Car surveillance: Acworth, Marietta have latest technology
by Leo Hohmann
July 18, 2013 12:15 AM | 4885 views | 5 5 comments | 28 28 recommendations | email to a friend | print

Tens of thousands of automatic license-plate readers are being installed across the nation, on police cars, light posts and bridge overpasses — and some Cobb municipalities are jumping into the surveillance fray.

At least two local police agencies are using the advanced cameras and tracking software that can scan hundreds of car tags in just a few seconds, then upload them to a data bank where they are stored forever.

Both the Marietta and Acworth police departments use what they call “LPRs,” or license-plate readers, and say the devices have been very successful in tracking criminals great and small.

“I don’t have any stats for you, but it works very well,” said Capt. Mark Cheatham with Acworth Police. “Two weeks ago, we located a stolen car and made an arrest off that case by using this technology.”

Acworth purchased one LPR two years ago at a cost of about $20,000, Cheatham said. It was paid for with a grant from the federal government.

When one of these devices snaps a picture of your car, it logs your license-plate number, as well as the date, time, and location. The high-speed scanners can log every passing car. The devices also allow an officer to initiate a “live search” by plugging in a specific tag number, which will automatically feed the officer information on whether that tag is associated with a suspected crime or traffic offense anywhere in the nation.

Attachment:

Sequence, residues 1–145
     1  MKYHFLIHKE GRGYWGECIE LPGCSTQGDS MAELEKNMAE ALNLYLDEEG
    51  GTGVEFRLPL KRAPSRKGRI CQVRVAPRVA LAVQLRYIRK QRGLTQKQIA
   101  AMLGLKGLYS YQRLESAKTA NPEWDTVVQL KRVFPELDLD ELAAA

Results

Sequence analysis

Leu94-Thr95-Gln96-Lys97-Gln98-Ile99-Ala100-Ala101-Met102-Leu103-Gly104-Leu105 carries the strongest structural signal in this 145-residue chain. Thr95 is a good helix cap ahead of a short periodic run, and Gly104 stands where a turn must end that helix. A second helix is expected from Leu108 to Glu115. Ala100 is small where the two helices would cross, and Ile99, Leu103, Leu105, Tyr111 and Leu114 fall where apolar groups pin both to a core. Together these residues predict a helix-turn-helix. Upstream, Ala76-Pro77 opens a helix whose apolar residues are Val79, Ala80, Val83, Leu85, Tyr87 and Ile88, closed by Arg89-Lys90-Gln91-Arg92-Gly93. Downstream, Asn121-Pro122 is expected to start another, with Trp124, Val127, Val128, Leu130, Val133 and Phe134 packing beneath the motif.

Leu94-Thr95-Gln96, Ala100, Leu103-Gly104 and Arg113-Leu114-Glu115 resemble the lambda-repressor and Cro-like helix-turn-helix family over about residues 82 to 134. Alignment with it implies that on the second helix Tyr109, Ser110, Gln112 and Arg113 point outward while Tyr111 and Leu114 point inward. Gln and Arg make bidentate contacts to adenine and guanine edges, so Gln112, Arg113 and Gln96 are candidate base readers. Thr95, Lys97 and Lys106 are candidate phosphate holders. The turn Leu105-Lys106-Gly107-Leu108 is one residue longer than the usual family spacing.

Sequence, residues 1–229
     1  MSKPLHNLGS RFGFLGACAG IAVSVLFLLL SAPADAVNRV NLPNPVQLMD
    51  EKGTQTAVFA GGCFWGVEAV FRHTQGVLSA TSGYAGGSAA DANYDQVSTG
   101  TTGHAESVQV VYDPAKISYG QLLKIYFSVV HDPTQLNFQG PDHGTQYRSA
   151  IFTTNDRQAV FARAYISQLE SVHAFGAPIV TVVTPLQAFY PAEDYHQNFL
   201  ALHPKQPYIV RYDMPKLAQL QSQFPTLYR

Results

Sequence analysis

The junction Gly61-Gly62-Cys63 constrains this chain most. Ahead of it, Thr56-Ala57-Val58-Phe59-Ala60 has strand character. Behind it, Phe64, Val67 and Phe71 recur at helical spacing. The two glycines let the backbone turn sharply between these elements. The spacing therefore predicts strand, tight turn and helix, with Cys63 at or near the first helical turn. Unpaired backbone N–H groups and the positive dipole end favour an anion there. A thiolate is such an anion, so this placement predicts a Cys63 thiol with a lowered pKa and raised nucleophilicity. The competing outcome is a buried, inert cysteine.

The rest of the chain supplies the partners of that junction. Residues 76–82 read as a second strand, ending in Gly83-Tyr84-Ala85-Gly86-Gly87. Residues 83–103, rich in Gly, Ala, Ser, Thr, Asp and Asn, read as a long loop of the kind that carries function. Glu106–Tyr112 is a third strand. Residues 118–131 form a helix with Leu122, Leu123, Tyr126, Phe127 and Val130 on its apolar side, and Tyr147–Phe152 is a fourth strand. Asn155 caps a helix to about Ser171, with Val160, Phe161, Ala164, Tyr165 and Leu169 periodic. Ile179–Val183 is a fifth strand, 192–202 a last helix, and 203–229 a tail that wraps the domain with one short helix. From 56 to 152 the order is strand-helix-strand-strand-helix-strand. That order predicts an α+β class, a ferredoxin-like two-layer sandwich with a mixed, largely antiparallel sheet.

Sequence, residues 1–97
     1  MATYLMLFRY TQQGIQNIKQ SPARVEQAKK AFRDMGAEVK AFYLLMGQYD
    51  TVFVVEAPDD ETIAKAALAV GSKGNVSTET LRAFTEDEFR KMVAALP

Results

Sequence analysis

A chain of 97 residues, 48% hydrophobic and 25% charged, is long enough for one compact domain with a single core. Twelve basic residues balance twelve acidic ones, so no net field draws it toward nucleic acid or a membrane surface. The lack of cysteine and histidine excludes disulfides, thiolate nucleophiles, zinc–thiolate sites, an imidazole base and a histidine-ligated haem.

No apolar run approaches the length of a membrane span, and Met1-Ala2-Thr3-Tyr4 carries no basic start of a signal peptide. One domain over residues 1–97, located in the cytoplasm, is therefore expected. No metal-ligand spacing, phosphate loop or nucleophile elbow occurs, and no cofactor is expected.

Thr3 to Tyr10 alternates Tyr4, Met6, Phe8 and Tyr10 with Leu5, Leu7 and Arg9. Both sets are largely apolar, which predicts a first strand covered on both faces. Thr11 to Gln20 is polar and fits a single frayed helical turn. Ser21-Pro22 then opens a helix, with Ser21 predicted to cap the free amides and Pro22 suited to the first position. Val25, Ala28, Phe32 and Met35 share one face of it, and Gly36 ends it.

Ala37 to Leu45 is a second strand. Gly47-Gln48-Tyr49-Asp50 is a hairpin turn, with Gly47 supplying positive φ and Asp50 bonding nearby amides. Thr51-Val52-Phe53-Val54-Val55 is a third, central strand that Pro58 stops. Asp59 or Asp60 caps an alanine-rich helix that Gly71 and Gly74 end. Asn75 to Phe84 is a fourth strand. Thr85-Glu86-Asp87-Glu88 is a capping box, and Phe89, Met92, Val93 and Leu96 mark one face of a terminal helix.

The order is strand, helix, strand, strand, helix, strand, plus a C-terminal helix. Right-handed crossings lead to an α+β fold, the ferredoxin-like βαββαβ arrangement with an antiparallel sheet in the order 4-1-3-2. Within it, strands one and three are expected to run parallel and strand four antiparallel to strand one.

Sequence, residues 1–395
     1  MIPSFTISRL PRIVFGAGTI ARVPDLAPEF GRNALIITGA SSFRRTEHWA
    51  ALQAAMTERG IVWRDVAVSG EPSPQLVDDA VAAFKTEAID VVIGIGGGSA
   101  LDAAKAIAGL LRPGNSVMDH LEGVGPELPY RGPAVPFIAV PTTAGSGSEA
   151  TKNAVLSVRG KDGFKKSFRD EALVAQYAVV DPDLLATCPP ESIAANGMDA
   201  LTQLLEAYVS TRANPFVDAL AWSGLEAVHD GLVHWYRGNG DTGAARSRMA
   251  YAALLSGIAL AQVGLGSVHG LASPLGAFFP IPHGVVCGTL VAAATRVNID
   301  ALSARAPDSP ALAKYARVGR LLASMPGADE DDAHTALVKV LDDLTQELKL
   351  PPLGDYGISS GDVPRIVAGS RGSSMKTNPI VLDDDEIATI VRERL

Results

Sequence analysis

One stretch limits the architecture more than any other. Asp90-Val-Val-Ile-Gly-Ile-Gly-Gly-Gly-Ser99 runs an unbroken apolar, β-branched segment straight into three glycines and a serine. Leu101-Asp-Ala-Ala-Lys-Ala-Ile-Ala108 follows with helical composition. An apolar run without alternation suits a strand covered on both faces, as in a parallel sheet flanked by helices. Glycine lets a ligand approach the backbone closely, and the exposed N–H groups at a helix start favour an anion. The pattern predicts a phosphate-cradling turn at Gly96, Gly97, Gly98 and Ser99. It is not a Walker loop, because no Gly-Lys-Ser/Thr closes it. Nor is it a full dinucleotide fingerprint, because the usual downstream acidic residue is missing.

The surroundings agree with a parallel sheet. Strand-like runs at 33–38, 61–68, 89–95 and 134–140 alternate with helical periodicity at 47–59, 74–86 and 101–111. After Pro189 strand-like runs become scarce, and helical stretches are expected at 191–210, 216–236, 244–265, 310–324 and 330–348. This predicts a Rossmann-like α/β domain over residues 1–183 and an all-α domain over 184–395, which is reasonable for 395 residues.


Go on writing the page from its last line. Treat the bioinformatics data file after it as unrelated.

The technology is not new. The souped-up camera systems have been around for at least 12 years. But, until recently, most law enforcement agencies couldn’t afford them.

More companies are now making the systems and the prices keep getting cheaper.

“We priced the systems four or five years ago and quotes came in at $38,000 to $40,000,” Cheatham said. Now, you can get a system for less than half that amount.

Marietta Police Department has two LPR systems and, like Acworth, it retains the data it collects indefinitely and uploads the information to a nationwide database.

“We keep it indefinitely, and a lot of people are hung up on that,” said Cheatham, referring to privacy concerns. “The camera system stores all the photos but we’ll never even know we have a picture of your tag if you haven’t committed a crime. Unless we have a reason to suspect, we’ll never know.”

Marietta’s LPRs cost $14,000 apiece and were paid for with federal asset forfeiture funds, also known as seized drug money, said Officer David Baldwin, spokesman for the department.

“They’ve been very successful for us,” said Baldwin. “We’ve used them on a wide variety of things. We’ve gotten everything from the minor traffic violations, such as someone driving with a suspended license, to a wanted person to a stolen car.”

Many of the local police departments that don’t yet have LPRs are interested in them.